The Arizona Board of Regents on Thursday attempted to snuff the statewide debate over letting community colleges offer four-year degrees.
The 10-member board unanimously backed a compromise between the universities and the community colleges that gives Arizona State University, the University of Arizona and Northern Arizona University priority on offering new baccalaureate programs.
Regent Ernest Calderón of Phoenix led the joint commission that wrote the agreement — an attempt to stave off an effort by Rep. Laura Knaperek, R-Tempe, to let community colleges offer baccalaureates.
Knaperek led a similar bill last year, but it failed. The universities have fought the idea, arguing that they would end up sharing state funds with the community colleges. Also, the proposal would have forced them to compete with community colleges for students.
Calderón said Thursday that the compromise is a much better way to settle the issue, rather than through a solution “mandated to us by the Legislature.”
The Arizona Community College Association, representing the state’s 10 community college districts, approved the deal last week.
Kathy Boyle, executive director of the association, said she isn’t sure the accord will halt any legislative efforts to let community colleges expand into baccalaureate degrees. However, she said, it has paved the way for future collaborations between community colleges and universities.
The agreement supported by the regents was hashed out in meetings last year between four community college representatives and four university officials.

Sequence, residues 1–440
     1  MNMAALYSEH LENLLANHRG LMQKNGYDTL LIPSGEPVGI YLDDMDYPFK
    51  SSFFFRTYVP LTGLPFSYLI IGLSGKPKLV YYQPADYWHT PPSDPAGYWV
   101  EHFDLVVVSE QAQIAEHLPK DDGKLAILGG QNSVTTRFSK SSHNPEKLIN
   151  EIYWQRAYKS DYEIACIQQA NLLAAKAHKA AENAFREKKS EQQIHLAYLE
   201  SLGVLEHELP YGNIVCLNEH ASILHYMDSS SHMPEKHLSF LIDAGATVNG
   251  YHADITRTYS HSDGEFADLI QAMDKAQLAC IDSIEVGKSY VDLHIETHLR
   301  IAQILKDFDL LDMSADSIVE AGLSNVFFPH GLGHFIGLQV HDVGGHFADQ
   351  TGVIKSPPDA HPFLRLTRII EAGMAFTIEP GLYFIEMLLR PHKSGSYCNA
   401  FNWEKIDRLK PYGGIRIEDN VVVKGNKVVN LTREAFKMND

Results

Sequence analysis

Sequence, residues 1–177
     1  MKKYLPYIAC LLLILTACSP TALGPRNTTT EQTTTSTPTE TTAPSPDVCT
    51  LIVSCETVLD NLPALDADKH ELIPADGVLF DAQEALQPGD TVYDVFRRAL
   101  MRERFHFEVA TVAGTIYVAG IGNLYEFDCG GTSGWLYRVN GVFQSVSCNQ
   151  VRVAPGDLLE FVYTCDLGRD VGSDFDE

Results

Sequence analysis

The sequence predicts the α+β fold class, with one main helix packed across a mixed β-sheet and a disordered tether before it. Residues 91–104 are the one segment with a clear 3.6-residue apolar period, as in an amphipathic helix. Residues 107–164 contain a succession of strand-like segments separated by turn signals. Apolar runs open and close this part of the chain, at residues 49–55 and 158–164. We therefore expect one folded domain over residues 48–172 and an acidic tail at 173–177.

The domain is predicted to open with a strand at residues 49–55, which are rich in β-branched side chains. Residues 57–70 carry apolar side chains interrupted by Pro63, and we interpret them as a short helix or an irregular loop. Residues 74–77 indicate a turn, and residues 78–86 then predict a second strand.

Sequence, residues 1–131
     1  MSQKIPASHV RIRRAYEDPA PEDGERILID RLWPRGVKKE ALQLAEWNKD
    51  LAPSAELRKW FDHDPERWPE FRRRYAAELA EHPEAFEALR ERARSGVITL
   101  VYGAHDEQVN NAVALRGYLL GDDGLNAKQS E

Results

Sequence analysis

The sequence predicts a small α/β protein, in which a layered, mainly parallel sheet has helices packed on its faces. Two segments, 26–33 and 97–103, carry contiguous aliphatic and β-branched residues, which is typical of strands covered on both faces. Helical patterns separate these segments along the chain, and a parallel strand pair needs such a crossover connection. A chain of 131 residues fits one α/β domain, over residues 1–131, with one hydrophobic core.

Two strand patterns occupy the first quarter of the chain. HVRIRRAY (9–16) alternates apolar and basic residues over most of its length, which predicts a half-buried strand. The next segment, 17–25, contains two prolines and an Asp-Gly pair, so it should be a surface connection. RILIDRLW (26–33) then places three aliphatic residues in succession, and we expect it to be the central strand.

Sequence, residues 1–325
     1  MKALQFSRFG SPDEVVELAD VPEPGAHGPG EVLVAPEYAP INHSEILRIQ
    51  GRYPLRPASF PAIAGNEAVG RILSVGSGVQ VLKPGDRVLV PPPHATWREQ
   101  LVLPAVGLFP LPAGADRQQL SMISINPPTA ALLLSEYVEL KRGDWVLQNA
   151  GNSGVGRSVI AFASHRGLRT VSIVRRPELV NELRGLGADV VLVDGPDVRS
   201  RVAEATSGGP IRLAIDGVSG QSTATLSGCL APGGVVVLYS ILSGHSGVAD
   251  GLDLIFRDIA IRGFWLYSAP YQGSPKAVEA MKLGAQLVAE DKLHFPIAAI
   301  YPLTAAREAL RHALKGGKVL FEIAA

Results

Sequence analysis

Under the new accord, if a community college proposes a new four-year program and proves there is a need for it, the universities will decide first whether they can start such a program. The community college will get the green light only if the universities can’t offer it.
In addition, the new agreement lists conditions that must be met if a community college wants to become a four-year institution: The colleges must win support from their governing boards, be able to earn accreditation, and have the campus resources to start a fouryear program. Also, the agreement says that students in the area by the college must have limited access to the universities.
Eastern Arizona College in Thatcher has been a major supporter of the idea. Enrollment at the small college, a few miles from Safford in Graham County, has been shrinking over the years. In fall 2004, it had 3,732 students — nearly 2,300 fewer than in fall 1999.
Mark Bryce, president of the college, said becoming a state institution “would increase enrollment.” But, he said, “The primary reason (for the change) is to allow people who are place-bound, who cannot go to Phoenix or Tempe, to get a degree in a rural area.”
Despite the colleges’ agreement, Knaperek, chairwoman of the House Higher Education Committee, and her Senate cohort, Linda Gray, R-Glendale, have promised a bill to grant community colleges the right to offer four-year degree programs in fire fighting, law enforcement, nursing and teaching — areas that have worker shortages. Knaperek also has said she wants to help community colleges become state colleges.